Personalized advice, moral support, and an extra pair of legs

As indie author and marketing consultant Debbie Young told me: “Authors often have very unrealistic expectations of how hard it’s going to be to market a book. Too often authors get discouraged and stop trying to market at all, but with a little direction and encouragement of the kind I’m able to offer, they discover that actually there is a lot they can do after all, and they are re-enthused to do it.”

The degree of moral support a personalized marketing consultant can give you might actually be the most valuable part of that collaboration. The same way a good content editor can help you gain confidence in your craft, a good book marketer should be able to teach you how to promote your book in a more confident and effective way.

Plus, as Jonathan puts it, “It’s nice to have an extra pair of legs when it comes to chasing promotional opportunities such as guest posts, interviews, or paid promotions.” This touches on the subject of personal VAs (Virtual Assistants), which was brilliantly covered on Joanna Penn’s blog recently.

Flat fee remuneration or royalty-share?

Of course, this extra pair of legs doesn’t come for free. And how much (or even how) you should pay for marketing help is a slightly controversial question.

Jonathan and Mike have contracted on a royalty-share basis. This is something that you rarely see for editing or design services, but is a much more frequent occurrence in narration (audiobook) or translation services.

The logic behind it is pretty simple: a marketer’s only job is to generate sales for your books, so it makes sense to index the marketer’s remuneration on the results of their work. However, in nearly every other marketing-related profession, such as publicity, flat fees are the norm. I don’t know of one good book publicist who works on a royalty-share basis. Mike explains why: “Any author-publicist contract that’s based around sales is foolish. It’s like those SEO companies that promise a #1 position on Google for a given keyword. That’s extremely hard to deliver, especially on a budget. Publicists can’t promise things like reviews or sales. There are just too many factors involved.”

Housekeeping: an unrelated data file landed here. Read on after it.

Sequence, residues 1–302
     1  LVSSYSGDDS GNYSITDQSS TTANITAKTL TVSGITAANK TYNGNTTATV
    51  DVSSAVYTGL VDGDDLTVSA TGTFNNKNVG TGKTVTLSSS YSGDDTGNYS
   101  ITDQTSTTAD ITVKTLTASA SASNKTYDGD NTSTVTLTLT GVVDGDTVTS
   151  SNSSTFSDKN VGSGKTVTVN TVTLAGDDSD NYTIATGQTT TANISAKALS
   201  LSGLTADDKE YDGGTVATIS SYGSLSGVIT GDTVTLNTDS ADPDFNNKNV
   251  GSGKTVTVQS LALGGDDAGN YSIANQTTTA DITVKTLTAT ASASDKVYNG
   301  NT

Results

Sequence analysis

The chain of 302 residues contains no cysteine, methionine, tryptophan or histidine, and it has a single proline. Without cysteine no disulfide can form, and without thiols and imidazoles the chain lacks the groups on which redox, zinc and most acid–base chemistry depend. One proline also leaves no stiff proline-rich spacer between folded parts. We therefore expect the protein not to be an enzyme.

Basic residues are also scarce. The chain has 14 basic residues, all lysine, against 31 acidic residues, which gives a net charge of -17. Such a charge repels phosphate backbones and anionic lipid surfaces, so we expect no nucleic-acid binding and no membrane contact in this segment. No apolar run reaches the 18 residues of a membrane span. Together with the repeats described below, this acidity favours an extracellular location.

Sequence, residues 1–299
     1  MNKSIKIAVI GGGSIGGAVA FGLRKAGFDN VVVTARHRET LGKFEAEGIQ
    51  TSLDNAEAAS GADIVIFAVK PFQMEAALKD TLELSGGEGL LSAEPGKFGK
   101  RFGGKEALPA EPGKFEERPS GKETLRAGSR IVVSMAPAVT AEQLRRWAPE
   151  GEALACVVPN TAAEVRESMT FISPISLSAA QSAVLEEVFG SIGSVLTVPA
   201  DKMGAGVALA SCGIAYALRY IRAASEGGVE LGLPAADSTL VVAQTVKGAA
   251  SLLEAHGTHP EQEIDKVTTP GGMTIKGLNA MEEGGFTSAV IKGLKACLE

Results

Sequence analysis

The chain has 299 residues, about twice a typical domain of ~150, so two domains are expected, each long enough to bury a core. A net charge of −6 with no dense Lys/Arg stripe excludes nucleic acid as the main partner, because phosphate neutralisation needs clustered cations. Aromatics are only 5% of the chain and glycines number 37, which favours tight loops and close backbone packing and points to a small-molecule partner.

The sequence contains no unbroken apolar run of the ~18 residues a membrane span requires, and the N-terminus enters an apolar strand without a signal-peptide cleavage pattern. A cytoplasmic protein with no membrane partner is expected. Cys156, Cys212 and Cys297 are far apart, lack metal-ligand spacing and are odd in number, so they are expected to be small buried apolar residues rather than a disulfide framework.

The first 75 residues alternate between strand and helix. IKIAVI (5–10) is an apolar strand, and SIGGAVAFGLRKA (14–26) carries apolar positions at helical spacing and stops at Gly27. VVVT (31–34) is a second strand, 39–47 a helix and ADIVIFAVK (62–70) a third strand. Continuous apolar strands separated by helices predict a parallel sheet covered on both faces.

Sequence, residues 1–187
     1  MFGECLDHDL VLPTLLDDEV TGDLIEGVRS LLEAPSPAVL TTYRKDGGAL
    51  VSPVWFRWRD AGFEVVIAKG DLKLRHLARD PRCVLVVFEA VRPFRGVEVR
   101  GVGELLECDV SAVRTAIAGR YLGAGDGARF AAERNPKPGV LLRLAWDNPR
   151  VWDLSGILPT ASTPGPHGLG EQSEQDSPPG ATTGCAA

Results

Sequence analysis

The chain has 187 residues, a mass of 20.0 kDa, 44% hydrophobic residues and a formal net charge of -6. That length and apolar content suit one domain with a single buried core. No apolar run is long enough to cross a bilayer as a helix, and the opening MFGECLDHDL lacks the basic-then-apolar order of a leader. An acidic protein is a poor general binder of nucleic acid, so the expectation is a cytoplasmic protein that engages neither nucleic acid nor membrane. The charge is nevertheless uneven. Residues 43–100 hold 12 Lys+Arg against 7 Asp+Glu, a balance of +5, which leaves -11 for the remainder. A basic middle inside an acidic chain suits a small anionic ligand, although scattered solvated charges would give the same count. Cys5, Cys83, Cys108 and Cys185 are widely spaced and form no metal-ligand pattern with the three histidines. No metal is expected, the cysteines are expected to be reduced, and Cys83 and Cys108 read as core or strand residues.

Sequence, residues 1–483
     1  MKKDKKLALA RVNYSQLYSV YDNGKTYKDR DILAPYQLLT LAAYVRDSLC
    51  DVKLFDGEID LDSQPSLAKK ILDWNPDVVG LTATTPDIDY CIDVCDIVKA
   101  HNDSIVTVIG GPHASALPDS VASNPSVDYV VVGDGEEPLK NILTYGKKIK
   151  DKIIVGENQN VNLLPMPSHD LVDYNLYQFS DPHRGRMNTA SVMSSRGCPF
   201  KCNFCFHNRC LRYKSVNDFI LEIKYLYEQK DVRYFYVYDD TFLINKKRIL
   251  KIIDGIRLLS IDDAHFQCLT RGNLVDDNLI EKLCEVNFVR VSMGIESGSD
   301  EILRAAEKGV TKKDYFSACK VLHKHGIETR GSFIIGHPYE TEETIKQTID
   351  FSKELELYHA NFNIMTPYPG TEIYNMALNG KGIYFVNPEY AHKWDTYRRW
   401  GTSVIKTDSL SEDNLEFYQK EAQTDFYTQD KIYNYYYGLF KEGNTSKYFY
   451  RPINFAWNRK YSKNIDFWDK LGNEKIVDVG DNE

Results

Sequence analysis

As marketers develop deeper, longer-lasting relationships with the authors they partner with, royalty-share might make more sense for them than for publicists or SEO specialists. Whether it makes sense to the author is another question, and one that largely depends on sales, budget-consciousness and risk-aversion. Mike suggested to me that he would like to see a flexible model where authors and marketers can choose to work together on a mix of fee and royalty-share.

This would have the advantage of keeping a bonus element (royalty) to incentivize the book marketer, while assuring that he gets paid a decent remuneration even if the book fails to sell well. There is no guarantee in book marketing and asking the marketer to assume all the risk makes little sense. In that sense, a hybrid model is certainly worth exploring.


Follow Ricardo, the author of this article, and Reedsy on Twitter: @RicardoFayet and @ReedsyHQ